Great leaders are consistent and empathetic (being able to relate, while remembering their primary responsibility is to maintain excellent company standards). Simply explain that the behavior is unacceptable with a statement such as; "Mike we talked about being late before. I am documenting this warning on this form." On most disciplinary forms, there is a place for the employee's comments and both of your signatures. This process will often make a strong enough impression on the employee to prevent a bad habit from forming.
States such as New York require three documented, written warnings on the same offense to discredit unemployment claims. There are some circumstances (theft for example) where three warnings are not required. Consult your state unemployment agency for details and guidelines. While giving a written warning, address (don't attack) the observable behavior, not the person. Avoid the word "YOU". This way you are allowing the employee to improve without feeling embarrassed.
Giving a documented warning allows your employee an opportunity to improve while demonstrating your seriousness. If the behavior persists, document each occurrence on a disciplinary form and have the employee sign it. You may be dealing with an individual whose job is not a high priority in his life or he may not be committed enough to the position. Discuss your concerns with the employee.
When an employee makes the same mistake three times, you are probably dealing with an employee unwilling or unable to perform his job. It is best for him and the company, that he move on to another position that he is more suited for.
Many managers report that when one unacceptable behavior is tolerated or overlooked, other employees act out also (consciously or unconsciously). The other employees may or may not risk being late but they will act out somehow. The next thing you know, you have a group of people giving you endless grief.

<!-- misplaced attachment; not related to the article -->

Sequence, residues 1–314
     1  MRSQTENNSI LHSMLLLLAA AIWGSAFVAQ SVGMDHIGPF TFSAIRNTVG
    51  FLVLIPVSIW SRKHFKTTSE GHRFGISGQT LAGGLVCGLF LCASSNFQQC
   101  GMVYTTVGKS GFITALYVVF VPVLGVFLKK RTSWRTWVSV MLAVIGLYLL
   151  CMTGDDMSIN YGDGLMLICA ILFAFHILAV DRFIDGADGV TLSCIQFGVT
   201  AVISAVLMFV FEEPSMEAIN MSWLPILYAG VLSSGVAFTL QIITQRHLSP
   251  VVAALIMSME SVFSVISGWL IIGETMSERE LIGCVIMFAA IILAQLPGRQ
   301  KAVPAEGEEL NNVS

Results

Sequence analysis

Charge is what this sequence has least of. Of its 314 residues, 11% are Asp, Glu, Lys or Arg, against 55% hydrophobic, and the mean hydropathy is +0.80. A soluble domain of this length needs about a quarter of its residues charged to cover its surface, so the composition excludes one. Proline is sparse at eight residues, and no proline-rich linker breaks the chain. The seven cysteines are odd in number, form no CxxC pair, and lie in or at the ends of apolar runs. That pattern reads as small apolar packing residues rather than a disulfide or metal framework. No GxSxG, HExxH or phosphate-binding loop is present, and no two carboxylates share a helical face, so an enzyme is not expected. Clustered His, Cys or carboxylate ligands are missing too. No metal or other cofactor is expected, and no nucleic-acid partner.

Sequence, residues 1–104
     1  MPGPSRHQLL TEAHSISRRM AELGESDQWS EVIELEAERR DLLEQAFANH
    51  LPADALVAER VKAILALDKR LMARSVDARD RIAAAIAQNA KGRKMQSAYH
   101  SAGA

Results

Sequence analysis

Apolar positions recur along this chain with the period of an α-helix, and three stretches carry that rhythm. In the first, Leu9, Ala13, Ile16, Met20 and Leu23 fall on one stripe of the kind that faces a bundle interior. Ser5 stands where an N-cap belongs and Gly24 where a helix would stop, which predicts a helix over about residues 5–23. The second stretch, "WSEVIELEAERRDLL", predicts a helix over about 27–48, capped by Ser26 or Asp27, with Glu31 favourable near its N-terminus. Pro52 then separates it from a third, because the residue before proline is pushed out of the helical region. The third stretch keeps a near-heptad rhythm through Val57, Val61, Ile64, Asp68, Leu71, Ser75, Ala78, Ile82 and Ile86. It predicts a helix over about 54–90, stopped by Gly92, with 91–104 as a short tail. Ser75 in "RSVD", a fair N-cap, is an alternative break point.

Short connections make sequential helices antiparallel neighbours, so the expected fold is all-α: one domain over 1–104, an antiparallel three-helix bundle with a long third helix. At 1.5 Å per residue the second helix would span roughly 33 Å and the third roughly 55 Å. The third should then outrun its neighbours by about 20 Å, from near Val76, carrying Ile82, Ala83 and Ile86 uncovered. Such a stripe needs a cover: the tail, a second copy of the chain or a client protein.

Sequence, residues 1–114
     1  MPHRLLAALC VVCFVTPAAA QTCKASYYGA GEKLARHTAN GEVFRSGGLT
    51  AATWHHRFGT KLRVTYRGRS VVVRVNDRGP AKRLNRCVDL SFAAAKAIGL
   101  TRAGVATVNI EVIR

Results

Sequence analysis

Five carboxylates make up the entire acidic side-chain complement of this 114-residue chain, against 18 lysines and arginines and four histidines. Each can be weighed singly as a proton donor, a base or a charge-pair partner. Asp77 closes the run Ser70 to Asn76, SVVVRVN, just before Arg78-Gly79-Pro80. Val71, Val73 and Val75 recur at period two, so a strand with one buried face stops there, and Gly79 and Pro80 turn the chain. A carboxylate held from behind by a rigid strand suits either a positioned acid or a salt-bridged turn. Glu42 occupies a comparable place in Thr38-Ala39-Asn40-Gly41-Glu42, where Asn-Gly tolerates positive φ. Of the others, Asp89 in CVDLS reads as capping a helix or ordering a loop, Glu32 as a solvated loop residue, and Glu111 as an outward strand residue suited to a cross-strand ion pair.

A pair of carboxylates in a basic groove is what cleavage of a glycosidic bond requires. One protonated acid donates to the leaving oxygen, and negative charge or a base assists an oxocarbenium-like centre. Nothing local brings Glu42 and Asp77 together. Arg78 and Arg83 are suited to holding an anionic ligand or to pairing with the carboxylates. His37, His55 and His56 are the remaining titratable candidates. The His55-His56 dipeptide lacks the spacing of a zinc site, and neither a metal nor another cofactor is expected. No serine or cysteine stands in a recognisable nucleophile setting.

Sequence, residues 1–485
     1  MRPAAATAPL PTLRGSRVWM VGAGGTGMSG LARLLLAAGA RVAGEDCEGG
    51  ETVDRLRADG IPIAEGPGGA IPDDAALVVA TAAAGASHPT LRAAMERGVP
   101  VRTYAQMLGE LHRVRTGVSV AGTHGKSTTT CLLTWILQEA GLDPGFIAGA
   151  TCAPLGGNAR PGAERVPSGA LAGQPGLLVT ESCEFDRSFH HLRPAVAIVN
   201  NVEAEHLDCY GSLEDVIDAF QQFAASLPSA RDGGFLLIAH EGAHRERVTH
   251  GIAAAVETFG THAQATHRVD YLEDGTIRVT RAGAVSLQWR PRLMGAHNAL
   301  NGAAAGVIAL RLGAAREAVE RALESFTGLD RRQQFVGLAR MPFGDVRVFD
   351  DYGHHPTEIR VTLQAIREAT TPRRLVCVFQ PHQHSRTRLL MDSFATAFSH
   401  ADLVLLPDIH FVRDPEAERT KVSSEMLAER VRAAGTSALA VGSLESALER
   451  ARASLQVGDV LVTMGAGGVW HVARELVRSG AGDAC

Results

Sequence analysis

The bonus of writing someone up is that the employee often will tell other employees what a mean and nasty person you are. They are trying to get the other employees support and avoid embarrassment for themselves. That's O.K., actually that's great. Don't worry about telling your side, the real message that got back to the others was "boy, he stepped across the line and something bad happened, I better follow the guidelines." Do not discuss one employee's disciplinary action with any other employee.
Beyond the when, how and why of discipline remember to step back and assess your hiring practices and communication style. Track your turnover ratio for the last two years. Excessive turnover is very costly to any business. Monitor the skill levels of your current employees with fun quizzes and by monitoring their work. Communicate your long and short term objectives and goals to employees. Not communicating your goals and objectives can in itself lead to undue frustration and turmoil. And most importantly, catch your employees doing things right. When they do, give specific praise to encourage the repetition of the positive behavior.
Laura Laaman is a popular sales, management and customer service trainer. Questions can be directed to her care of FURNITURE WORLD Magazine at firstname.lastname@example.org.